“Work, work, work!”… Why?

“Work, work, work!” This government’s replacement for New Labour’s “education, education, education” slogan. Work for the sake of working. Work because we don’t know life without it. Work because it feels ‘natural’. Work because the system requires it. Work because capitalism needs to justify itself. Work to make a living. Work for money. Work because the benefit system demands you to. Work because you are otherwise a ‘scrounger’. Work because it is what defines you.

What about enjoyment, ‘needs’, creativity, leisure and sustainability? These are seen to be meaningless philosophical topics that detract from the ‘necessary’ labour. However, full employment under this system is an ‘ideal’ – that is, unachievable. We never stop creating senseless jobs in attempts to massage the employment figures; ignoring the possibility of an alternative.

An alternative you say. Maybe there isn’t an alternative to this work obsessed society. I mean, is there any hope when society kicks up a fuss because the EU tries to implement working hour limits?

I’d say yes. There is the possibility. This includes reducing the working hours per week, the NEF have suggested 21 hours per week (but it could be even less than that). We could share out the jobs so that people maybe could mix and match their work – so that more people come into employment but that work is no longer the only thing they do. There would be a guaranteed income, so that everyone had more than a simple basis of subsistence. However, there should be possible experimentations in accordance to local currency and wages being worked out in relation to environmental value, for example. These are all details that many competent theorists have considered, especially amongst the ecosocialist and ecoanarchist traditions.

Whilst I don’t like the technological magic bullet argument, technology also provides the chance for reducing labour requirements – this is already happening (but in a negative way due to the system’s framing and orientation: growth etc.) and is a major reason for the falling rate of profit and the relating unemployment figures.

These changes would provide people the time, space and areas for creative expression and self-definition. People are often stuck in jobs that bore them (that are often of little ‘need’), working simply to maintain subsistence and because the state demands you take up any job that’s offered once on benefits. Of course, there are those who love working long hours every day; and noone would stop them from doing so, but it wouldn’t be necessary, nor would it be tied to the ludicrous exchange values as it is now.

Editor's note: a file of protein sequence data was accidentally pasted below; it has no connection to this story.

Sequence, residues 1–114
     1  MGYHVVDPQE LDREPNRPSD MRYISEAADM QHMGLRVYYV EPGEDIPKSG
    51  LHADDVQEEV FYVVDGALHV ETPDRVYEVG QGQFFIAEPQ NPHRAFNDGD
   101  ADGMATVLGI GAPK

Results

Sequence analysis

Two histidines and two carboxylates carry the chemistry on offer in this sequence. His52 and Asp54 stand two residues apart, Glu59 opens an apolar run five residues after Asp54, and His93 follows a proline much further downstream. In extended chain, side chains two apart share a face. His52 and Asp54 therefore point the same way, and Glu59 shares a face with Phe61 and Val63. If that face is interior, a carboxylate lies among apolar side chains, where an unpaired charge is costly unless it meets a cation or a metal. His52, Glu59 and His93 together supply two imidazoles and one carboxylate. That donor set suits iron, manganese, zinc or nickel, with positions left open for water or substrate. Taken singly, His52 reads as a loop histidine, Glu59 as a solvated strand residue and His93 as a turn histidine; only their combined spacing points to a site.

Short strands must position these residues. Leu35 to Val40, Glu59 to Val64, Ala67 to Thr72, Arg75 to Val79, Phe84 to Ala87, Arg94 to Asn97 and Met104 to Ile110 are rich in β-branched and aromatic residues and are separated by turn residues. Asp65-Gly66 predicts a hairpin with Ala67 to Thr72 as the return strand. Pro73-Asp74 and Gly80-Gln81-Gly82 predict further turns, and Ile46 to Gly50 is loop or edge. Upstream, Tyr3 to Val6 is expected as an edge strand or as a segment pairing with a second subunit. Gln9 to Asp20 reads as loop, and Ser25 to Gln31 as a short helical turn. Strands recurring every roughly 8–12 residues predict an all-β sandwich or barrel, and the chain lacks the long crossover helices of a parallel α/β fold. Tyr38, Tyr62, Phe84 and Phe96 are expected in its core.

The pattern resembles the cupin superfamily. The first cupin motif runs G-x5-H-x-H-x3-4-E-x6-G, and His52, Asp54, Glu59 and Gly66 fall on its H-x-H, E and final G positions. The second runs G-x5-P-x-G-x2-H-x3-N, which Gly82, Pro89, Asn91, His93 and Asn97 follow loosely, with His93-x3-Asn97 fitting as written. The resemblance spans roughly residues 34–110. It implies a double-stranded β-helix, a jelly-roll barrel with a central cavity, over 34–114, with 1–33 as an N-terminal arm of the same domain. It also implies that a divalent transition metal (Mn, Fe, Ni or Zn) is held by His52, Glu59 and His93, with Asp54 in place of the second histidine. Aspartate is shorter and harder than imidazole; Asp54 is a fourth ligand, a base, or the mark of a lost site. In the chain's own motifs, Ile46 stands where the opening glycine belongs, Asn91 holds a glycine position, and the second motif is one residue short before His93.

But the government will keep on with the same old line that those who don’t work are morally repugnant and that they aren’t taking up the ‘opportunities’ for work. I’d like to see some of those ministers doing some of the ‘jobs’ on offer these days. They are senseless and evident of an economy running out of ideas. The state has the power to change benefits and force people to take jobs, even potentially illegal welfare, and ignore the alternatives. To conceded that the system is the cause of the things they stigmatise and attempt to eradicate; well that wouldn’t be very politician like, would it?

Update: I have had a comment seeming to suggest that I am implying that I want no work; that’s not what I am saying, and I am fully aware that work has beneficial aspects. Instead, what I am arguing for is better organised work, in terms of time, scale, value and wages. There needs to be more decentralised, democracy focused work – so through cooperatives for example. This is key when achieving sustainability through technology, renewable technology specifically. Central, as well, is a move away from mass consumption and mass production. It is to provide people more chance of doing work, but so that they also have more time for themselves, for creative orientation and to enjoy life instead of having so much pressure. That is environmentally, socially and economically sound, in my opinion.

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11 thoughts on ““Work, work, work!”… Why?